Tax breaks for UK investors willing to buy risky assets have come under scrutiny ahead of the Budget after finance experts called for the government to reconsider what policy objectives they achieve.
“Reliefs shouldn’t just sit there forever. They should be looked at both in terms of amounts and in terms of whether we actually need them at all,” said Bill Dodwell, tax director at the Office of Tax Simplification, a statutory body, giving evidence this week to MPs on the Commons Treasury select committee.
Dodwell encouraged the government to review if shares quoted on London’s Alternative Investment Market should qualify for business relief — which enables investors to pass on shares free of inheritance tax if held for more than two years.
Aim provides a lower-cost, less tightly-regulated alternative to London’s main stock exchange for small and medium-sized growing companies.
But their IHT advantages for investors have come into question as business relief was designed in the 1970s to ensure small family-run businesses could continue to trade after the death of the owner.
“If you are buying shares on the Aim market, you don’t need the inheritance tax relief in the sense that if you sold the shares it’s not going to affect the business at all,” Dodwell said.
The Treasury committee’s probe of tax reliefs follows a report by the National Audit Office, parliament’s spending watchdog, in 2020 which found that the UK had around 1,190 tax reliefs which cost the government £155bn in 2018-19.
Business relief, previously known as business property relief, is estimated to have cost the government £1.04bn in 2021-22, up from £465mn five years previously.
Arun Advani, professor of economics at the University of Warwick, told the FT the IHT relief available on Aim stocks is “a perfect example” of the problem with tax reliefs: “No-one knows why it is there, it distorts the market for those shares and it leads to a lot of tax being forgone.”
But tax practitioners caution that it is a difficult relief to withdraw without causing a mass sell-off of Aim stocks. “If the relief was going to be removed, a cliff edge removal would be a disaster; a phased removal of the relief over, say, 10 years would make more sense” said Tim Stovold, head of tax at Moore Kingston Smith.
“No one really knows how much of those markets are owned mainly for IHT purposes, but it is believed to be sizeable,” added Anthony Whatling, tax partner at wealth manager Evelyn Partners.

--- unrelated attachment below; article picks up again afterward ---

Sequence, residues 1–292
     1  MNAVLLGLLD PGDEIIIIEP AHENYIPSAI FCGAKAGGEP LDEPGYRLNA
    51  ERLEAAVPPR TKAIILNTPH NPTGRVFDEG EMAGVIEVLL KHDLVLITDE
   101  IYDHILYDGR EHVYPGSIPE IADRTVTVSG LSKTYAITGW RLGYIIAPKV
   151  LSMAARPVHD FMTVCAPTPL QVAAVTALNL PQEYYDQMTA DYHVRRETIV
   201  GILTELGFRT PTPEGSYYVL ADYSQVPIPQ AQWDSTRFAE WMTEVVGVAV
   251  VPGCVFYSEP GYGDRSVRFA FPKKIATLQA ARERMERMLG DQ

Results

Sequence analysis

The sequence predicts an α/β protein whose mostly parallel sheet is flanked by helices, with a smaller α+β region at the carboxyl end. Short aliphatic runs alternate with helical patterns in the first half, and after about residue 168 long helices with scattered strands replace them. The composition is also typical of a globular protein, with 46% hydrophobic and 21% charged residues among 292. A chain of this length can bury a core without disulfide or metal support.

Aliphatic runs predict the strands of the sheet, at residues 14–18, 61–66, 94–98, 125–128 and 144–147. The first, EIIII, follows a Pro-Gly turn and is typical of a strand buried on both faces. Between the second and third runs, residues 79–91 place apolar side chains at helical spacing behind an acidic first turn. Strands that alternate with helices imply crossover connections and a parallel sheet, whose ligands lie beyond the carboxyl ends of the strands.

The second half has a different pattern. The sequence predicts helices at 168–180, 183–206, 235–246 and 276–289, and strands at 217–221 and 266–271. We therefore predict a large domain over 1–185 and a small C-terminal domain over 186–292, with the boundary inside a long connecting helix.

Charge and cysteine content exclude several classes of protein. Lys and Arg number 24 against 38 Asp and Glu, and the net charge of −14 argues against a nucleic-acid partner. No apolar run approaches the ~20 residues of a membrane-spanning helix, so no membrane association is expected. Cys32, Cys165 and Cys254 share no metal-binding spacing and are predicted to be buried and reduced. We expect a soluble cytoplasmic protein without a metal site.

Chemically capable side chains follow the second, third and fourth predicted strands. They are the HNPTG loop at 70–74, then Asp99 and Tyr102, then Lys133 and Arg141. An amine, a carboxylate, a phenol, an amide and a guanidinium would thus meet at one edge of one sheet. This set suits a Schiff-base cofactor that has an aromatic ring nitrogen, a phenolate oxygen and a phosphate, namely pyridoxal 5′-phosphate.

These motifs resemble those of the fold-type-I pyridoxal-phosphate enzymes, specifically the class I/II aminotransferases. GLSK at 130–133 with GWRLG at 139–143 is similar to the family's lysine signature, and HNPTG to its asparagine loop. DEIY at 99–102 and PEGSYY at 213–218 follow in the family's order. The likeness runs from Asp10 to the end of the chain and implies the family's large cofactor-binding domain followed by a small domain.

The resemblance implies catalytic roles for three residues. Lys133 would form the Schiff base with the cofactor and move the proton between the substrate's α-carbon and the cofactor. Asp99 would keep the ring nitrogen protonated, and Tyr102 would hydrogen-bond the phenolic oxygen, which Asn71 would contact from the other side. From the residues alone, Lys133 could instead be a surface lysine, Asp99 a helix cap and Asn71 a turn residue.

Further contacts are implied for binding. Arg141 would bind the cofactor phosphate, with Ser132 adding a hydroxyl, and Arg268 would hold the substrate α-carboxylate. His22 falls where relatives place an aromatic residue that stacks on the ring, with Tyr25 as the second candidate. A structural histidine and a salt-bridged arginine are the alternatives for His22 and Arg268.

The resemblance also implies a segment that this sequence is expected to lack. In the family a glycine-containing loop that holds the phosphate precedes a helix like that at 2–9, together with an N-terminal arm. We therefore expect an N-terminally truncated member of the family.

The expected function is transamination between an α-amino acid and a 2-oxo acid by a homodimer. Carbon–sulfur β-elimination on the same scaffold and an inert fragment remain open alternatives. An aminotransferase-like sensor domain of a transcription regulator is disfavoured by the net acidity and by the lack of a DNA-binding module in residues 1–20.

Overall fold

Whatling is not expecting to see any significant cuts to tax reliefs in the Budget on March 15 despite with growing calls within the Conservative Party to lower the overall tax burden.
But Advani said at a time when money is tight, the Budget would be a good opportunity to remove reliefs that don’t seem to be working, and set out a defined framework.
The Treasury committee also questioned the economic value of tax relief available to individuals investing in venture capital trusts, which has become increasingly expensive as VCTs raised £1.2bn in 2021-22, up from some £670mn the previous year.
For those prepared to take the risk and lock their money up for five years, VCTs provide 30 per cent income tax relief up front, with dividends and capital gains paid out tax free. They are increasingly viewed as a pension alternative for high earners.
“When I was a Treasury minister . . . I couldn’t get anyone to demonstrate to me that the venture capital relief had done any of what it said it should do,” said Labour MP and committee member Dame Angela Eagle, who was Exchequer Secretary to the Treasury from 2007 to 2009.
However, chancellor Jeremy Hunt confirmed in his autumn statement that the schemes would be extended beyond a “sunset clause” of 2025, signalling his support for the relief. Details are not yet confirmed.
Philip Hare, a tax specialist at Philip Hare & Associates, which advises VCTs and other tax efficient vehicles for investors in start ups, said the structures “provide a vital source of patient capital to early-stage, high-growth small businesses that would otherwise struggle to raise funding”.
Wednesday’s evidence session comes ahead of the closure of the OTS this spring, a decision made by former chancellor Kwasi Kwarteng in September, following criticism that the statutory body had failed to make the tax system simpler.
Treasury committee members indicated the closure decision could be a mistake and said they would write to the chancellor asking him to explain his justification.